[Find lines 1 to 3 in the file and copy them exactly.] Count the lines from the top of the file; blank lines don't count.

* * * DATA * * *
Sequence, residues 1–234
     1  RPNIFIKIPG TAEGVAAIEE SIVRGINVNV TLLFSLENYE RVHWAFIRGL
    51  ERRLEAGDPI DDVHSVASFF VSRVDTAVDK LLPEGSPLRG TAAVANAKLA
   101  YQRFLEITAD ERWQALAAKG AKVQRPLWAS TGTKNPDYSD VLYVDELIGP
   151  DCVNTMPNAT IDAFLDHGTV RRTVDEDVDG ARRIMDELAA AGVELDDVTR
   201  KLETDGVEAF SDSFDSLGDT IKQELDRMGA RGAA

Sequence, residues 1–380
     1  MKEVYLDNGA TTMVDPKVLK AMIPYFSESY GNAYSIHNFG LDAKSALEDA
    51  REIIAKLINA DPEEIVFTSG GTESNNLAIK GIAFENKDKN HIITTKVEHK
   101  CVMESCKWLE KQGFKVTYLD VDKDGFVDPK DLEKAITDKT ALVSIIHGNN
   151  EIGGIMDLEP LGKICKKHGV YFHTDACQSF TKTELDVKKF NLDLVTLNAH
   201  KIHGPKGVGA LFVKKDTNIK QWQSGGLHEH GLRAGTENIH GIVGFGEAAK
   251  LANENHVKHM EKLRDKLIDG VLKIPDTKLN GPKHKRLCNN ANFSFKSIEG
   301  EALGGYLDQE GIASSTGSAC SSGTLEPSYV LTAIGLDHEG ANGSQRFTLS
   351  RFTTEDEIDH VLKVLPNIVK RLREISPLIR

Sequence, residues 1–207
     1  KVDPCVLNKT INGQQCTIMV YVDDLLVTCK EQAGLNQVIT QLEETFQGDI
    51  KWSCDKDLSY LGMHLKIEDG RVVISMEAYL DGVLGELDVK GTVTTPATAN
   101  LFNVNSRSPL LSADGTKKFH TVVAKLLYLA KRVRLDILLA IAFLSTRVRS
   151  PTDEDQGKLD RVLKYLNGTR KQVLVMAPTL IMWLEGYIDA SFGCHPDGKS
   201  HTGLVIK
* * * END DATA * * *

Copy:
Sequence, residues 1–234
     1  RPNIFIKIPG TAEGVAAIEE SIVRGINVNV TLLFSLENYE RVHWAFIRGL
    51  ERRLEAGDPI DDVHSVASFF VSRVDTAVDK LLPEGSPLRG TAAVANAKLA